Again with the Tax Cuts
On Monday, John discussed the politics behind the newly announced tax cuts planned for the new stimulus package. Whatever the political wisdom of this approach, the policy implications are troubling.
Media reports suggest that the main tax provisions of the bill will include allowing businesses to accelerate tax write-offs, providing incentives for business investment, and a tax credit for companies that make new hires or avoid layoffs. But these corporate tax cuts are unlikely to be effective. Commentators on this blog have already discussed the analysis of Mark Zandi – former economic advisor to the McCain campaign – whose economic models indicate that corporate tax cuts will generally provide less bang for the stimulus buck than public spending (Zandi’s calculation for the return on accelerated depreciation of new investment – similar to what the Obama team seems to be contemplating – is actually an abysmally low 27 cents on the dollar).
But the economic rationality behind the numbers is equally compelling. Simply put, businesses don’t make decisions about hiring, firing, and investment based on a nominal federal tax cut. They decide based on economic demand for their products or services. If there’s demand for more widgets, management at the widget factories will invest in more equipment and hire more widget-makers. If demand is stagnant or falling, tax cuts will have to be lavish indeed to induce companies to invest more in churning out a product for which there is little demand. (If the public interest in widget production in itself is that great -- as I’ve argued in the case of the auto industry –- we ought to find a more direct and efficient way than broad corporate tax cuts to incentivize it).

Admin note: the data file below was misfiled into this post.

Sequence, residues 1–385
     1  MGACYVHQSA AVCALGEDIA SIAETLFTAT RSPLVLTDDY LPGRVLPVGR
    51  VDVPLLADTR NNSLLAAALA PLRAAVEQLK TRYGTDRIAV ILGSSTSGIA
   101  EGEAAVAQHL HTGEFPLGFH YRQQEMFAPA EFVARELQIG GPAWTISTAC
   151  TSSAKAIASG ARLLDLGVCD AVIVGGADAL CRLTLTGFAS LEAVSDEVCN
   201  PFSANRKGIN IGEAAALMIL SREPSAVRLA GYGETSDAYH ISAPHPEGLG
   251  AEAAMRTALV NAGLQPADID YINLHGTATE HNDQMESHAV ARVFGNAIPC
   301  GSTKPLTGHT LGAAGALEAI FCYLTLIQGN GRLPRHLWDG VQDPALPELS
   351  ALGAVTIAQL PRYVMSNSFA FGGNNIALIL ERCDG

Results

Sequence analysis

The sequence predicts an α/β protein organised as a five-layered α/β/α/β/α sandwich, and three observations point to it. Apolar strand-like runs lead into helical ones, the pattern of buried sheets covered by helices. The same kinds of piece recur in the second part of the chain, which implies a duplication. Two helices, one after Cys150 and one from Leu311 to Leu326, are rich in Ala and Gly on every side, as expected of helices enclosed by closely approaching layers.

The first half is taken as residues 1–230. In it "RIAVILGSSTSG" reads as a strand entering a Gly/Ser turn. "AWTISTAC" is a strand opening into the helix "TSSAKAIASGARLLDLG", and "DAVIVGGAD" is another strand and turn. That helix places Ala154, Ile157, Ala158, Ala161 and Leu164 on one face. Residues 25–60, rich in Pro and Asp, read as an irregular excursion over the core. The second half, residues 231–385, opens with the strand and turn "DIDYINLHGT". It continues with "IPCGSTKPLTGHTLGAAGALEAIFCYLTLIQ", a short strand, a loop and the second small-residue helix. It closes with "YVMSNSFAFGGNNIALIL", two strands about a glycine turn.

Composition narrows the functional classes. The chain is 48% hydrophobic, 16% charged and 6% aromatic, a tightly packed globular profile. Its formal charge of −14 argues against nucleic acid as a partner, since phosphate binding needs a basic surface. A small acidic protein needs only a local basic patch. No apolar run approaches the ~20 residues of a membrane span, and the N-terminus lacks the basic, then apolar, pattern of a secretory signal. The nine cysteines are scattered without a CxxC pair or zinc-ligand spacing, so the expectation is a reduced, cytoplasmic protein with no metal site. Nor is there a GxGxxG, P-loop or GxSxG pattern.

Finally, I’m skeptical of the argument that there aren’t enough productive ways to quickly spend the amount of money necessary to shore up the economy.
Certainly the number of shovel-ready infrastructure projects is limited, but with 46 million Americans without health coverage, $350 billion in state budget gaps prompting states to cut programs that serve the most vulnerable citizens, and millions of Americans facing the imminent loss of their homes because they cannot keep up with mortgage payments, Obama’s spending plans seem far from exhausting the opportunities to put cash into the hands of people who will spend it quickly and improve the country at the same time.
I critiqued Obama’s willingness to buy into the right’s framing of tax issues during the campaign. Yet despite his efforts to portray himself as an ardent tax cutter, exit polls suggest 71% of voters believed their own taxes would increase if he were elected. He won anyway. Maybe the politics of this issue, at least when it comes to the public, are not as ironclad as they once appeared.